Wednesday, September 19, 2007


I suppose you may have already seen this video of this student being "tasered" after asking a (somewhat aggressive) question to Kerry by University of Florida police.
Sure, the guy may have been annoying or even pushing it but frankly, you get all sorts of wackos at meetings like those but it certainly doesn't justify "tasering" them.
How about free speech?
Watching the video, you will see that the crowd is also stunned and eventually shocked and angry.

Not only did the police fail to apologize but they charged him with "disturbing the peace' and resisting an officer.
Apparently, the police have been increasingly using the taser when arresting people and particularly "annoying" students.
I wonder how the Civil Rights movement would have turned out if the taser had been in use back then. There may not have been many sit-down protests - think of Rosa Parks being tasered!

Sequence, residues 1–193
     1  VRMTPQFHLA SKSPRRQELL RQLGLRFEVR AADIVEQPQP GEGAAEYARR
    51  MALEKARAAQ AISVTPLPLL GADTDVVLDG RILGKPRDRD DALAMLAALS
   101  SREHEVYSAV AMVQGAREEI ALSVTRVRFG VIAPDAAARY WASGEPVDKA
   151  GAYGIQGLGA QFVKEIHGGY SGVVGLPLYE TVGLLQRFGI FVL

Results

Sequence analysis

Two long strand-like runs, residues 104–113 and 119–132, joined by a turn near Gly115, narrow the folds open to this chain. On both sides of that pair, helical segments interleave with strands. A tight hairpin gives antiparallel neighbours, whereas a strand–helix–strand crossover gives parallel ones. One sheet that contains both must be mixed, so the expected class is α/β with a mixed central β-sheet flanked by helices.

The comparison may be far-fetched - of course today's students are no Rosa Parks, but still, using the taser in those circumstances is yet another breach of our great principle of free speech.

On a linguistique note, do you know where the word TASER stands for? That one you cannot guess if you don't know: it stands for "Thomas A. Swift Electric Rifle". Who's Thomas A. Swift, you may ask? He was a fictional young inventor in children's science-fiction novels written in the early 20th century, including Tom Swift and his Electric Rifle. (CBC)
In 1974, a NASA scientist named Jack Cover invented the first stun gun, which he named the TASER, or “Thomas A. Swift Electric Rifle,” after Tom Swift (source)
And as often the case in English, the acronym became a trademark, then noun and then a verb.


Post a Comment

Links to this post:

Create a Link

<< Home